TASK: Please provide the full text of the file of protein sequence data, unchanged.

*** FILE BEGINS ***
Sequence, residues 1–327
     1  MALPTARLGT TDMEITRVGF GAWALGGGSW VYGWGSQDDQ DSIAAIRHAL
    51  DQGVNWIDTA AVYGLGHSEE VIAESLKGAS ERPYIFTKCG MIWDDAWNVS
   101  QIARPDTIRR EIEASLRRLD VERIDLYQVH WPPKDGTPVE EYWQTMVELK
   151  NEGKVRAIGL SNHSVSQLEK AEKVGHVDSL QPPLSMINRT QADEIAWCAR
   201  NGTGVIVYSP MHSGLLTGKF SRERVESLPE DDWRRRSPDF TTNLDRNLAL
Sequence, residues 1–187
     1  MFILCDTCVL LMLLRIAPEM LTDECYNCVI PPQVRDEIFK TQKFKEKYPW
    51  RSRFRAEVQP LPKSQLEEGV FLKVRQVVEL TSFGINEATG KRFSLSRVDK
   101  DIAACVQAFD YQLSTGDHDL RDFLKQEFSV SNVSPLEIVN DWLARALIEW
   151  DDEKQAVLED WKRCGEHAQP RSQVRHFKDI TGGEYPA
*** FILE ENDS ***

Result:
Sequence, residues 1–327
     1  MALPTARLGT TDMEITRVGF GAWALGGGSW VYGWGSQDDQ DSIAAIRHAL
    51  DQGVNWIDTA AVYGLGHSEE VIAESLKGAS ERPYIFTKCG MIWDDAWNVS
   101  QIARPDTIRR EIEASLRRLD VERIDLYQVH WPPKDGTPVE EYWQTMVELK
   151  NEGKVRAIGL SNHSVSQLEK AEKVGHVDSL QPPLSMINRT QADEIAWCAR
   201  NGTGVIVYSP MHSGLLTGKF SRERVESLPE DDWRRRSPDF TTNLDRNLAL
Sequence, residues 1–187
     1  MFILCDTCVL LMLLRIAPEM LTDECYNCVI PPQVRDEIFK TQKFKEKYPW
    51  RSRFRAEVQP LPKSQLEEGV FLKVRQVVEL TSFGINEATG KRFSLSRVDK
   101  DIAACVQAFD YQLSTGDHDL RDFLKQEFSV SNVSPLEIVN DWLARALIEW
   151  DDEKQAVLED WKRCGEHAQP RSQVRHFKDI TGGEYPA